Armor & Mobility

SEP-OCT 2016

Military magazines in the United States and Canada, covering Armor and Mobility, focuses on tactical vehicles, C4ISR, Special Operations Forces, latest soldier equipment, shelters, and key DoD programs

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Page 26 of 47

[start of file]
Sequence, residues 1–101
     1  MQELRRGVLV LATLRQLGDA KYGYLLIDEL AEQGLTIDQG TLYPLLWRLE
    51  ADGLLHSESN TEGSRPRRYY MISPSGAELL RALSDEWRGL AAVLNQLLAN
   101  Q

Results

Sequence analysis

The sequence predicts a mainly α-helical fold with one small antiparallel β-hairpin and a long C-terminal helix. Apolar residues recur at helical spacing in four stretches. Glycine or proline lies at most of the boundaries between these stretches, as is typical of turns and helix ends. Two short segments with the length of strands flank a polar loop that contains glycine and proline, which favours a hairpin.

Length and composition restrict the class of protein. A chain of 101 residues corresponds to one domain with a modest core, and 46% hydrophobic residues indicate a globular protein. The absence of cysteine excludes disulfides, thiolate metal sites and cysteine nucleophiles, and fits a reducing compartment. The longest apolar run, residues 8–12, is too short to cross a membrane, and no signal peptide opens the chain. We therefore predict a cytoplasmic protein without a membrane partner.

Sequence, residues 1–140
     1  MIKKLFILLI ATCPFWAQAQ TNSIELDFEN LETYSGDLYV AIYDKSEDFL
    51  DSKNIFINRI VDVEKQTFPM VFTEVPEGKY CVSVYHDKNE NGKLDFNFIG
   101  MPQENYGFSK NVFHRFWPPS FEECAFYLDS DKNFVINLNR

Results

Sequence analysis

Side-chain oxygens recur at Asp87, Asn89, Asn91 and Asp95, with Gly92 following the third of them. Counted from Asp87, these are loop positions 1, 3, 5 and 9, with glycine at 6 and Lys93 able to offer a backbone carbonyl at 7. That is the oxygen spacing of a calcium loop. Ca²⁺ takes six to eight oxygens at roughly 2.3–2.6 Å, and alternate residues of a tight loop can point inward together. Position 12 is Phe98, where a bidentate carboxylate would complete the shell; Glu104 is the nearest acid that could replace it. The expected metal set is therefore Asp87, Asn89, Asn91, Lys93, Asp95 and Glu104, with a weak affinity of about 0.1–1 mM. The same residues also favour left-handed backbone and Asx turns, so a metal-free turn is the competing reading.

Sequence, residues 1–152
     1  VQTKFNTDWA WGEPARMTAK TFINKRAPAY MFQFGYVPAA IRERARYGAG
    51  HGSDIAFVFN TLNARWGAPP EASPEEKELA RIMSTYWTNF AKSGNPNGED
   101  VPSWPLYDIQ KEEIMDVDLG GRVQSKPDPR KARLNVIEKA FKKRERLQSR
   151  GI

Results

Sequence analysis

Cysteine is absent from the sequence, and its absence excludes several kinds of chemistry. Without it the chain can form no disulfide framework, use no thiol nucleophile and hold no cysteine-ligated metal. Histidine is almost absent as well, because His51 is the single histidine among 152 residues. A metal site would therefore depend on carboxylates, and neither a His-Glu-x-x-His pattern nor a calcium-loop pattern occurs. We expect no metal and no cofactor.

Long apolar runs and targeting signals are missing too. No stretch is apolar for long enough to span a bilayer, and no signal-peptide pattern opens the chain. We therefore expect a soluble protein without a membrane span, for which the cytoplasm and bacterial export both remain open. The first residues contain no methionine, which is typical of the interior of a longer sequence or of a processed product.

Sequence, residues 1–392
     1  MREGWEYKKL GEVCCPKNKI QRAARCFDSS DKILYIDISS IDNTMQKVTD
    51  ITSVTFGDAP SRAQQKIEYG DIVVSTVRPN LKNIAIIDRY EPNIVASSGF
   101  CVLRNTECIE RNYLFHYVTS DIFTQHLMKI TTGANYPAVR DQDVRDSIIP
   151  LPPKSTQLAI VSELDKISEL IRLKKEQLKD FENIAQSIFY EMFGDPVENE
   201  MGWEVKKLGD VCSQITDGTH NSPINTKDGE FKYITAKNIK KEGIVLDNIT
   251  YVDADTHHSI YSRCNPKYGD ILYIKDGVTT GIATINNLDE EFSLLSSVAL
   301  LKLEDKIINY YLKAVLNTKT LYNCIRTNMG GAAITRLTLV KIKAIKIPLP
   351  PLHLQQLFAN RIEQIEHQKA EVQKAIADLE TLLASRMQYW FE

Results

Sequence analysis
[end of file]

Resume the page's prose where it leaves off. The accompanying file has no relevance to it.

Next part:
CHANGING COMMS WITH TACTICAL RESILIENCY By Dan Losada, Sr. Director, Defense & Intelligence Systems, Hughes Network Systems, Inc. Communications play a key role in the U.S. military's global reach and responsiveness. This is especially important at the tactical level, where smaller units need to stay connected to installations hundreds, if not thousands, of miles away. Beyond-line-of-sight satellite communications (SATCOM) forms a significant link to the U.S. Army's tactical networks and existing capabilities including the Warfighter Information Network-Tactical (WIN-T). These advanced space-based capabilities allow widely dispersed forces to maintain situational awareness through secure, integrated, video and data connectivity. Mission needs are always evolving, often faster than existing dedicated military systems and equipment can be modified or developed to keep up. However, innovative and agile commercial satellite technologies can be quickly deployed to help the Army and the Department of Defense (DoD) as focus and strategies change. Commercial systems use more flexible advanced technology to provide a variety of capabilities, such as ultra-lightweight SATCOM terminals that can be rapidly integrated into existing networks such as WIN-T using government or commercial satellites. Above all, these commercial systems provide Army tactical communications with the added degree of resiliency needed for operations in today's chaotic and contested environments. Contested-proof Comms The DoD sees the urgency of creating more robust resilience in communications to withstand existing vulnerabilities. Adding this critical element to military resources will allow warfighters in the field to focus on their mission, rather than worry about whether their communications network will maintain functionality throughout the operation. Commercial satellite service and technology providers such as Hughes understand this need for heightening resiliency, and more specifically, in anti-access and area denial (A2AD) environments to counter possible threats. Hughes incorporates various methods to help maintain network resiliency, including flexible modem interfaces, advanced protected waveforms, wideband frequency hopping, and secure management systems. In addition, commercial software and equipment play a significant part in ensuring new levels of resilience. These technologies consistently include security protocols that closely follow or exceed U.S. government networking standards. The SATCOM network equipment and software all work as a unified system, and forms a secure and rugged ground infrastructure that links to the space segment via protected waveforms. One of these highly advanced and flexible waveforms developed by Hughes, the Scrambled Code Multiple Access (SCMA) Waveform, is a vital part of the emerging tactical communications capability that can support DoD-wide resiliency anywhere in the communications network. The core waveform for Hughes' new family of lightweight tactical terminals, SCMA, is based on very low-rate coding and new multiple access techniques. The waveform works independently of the selected frequency band, such as Ku-, Ka-, and X-band, strengthening the operational flexibility and creating more appeal to the warfighter community. SCMA also operates under the communications noise floor, making it difficult for adversaries to even detect it for spectral analysis. Variable code rates, modulation, and spreading factors allow the terminals using SCMA to flexibly trade between throughput and bandwidth against power and anti-jamming capabilities. The SCMA waveform is synchronized to support reliable and assured operation in very adverse noise and jamming environments. Besides having the capability to run frequency-hopping functions to increase bandwidth, SCMA also includes Upper Layer Protocol Enhancement protection against pulse jamming and other disruptions. The combination of these capabilities provides the waveform with inherent low probability of detection and interception as well as natural anti-jamming characteristics. These elements support easy integration and consistent operation against adversarial threats. Running the SCMA waveform, the new Hughes HM series products are rugged, easy to operate systems. These systems can be deployed in a variety of operational environments and on multiple platforms that support expeditionary and other first entry groups, enabling situational awareness and ISR gathering. The DoD is looking for more mobile and portable satellite communications equipment that can provide affordable and resilient connectivity to assure bandwidth availability on demand. Hughes is filling these communications gaps with new, innovative hardware that leverages software-defined modem technology paired with the SCMA waveform to bring a new level of tactical resiliency to the front lines. Evolving to Meet New Missions Protecting today's national security requires many different strategies that vary greatly from those in past conflicts. The current contested environments and increasingly aggressive adversaries have caused the DoD to embrace various emerging technologies that ensure robust and resilient systems that support mission success in every environment. Technology like this is now coming from newer, emerging defense companies and should be actively welcomed by the DoD to ensure dominant strategic power for the U.S. and its Allies. Every year commercial industry is bringing new solutions with more affordable, secure and resilient capabilities that help keep warfighters aware and connected anywhere on the planet. The DoD should make it as easy as possible to test and acquire this new technology given the rapidly changing landscape of today's global conflicts. September/October 2016 | Armor & Mobility | 25 INDUSTRY COMMUNICATOR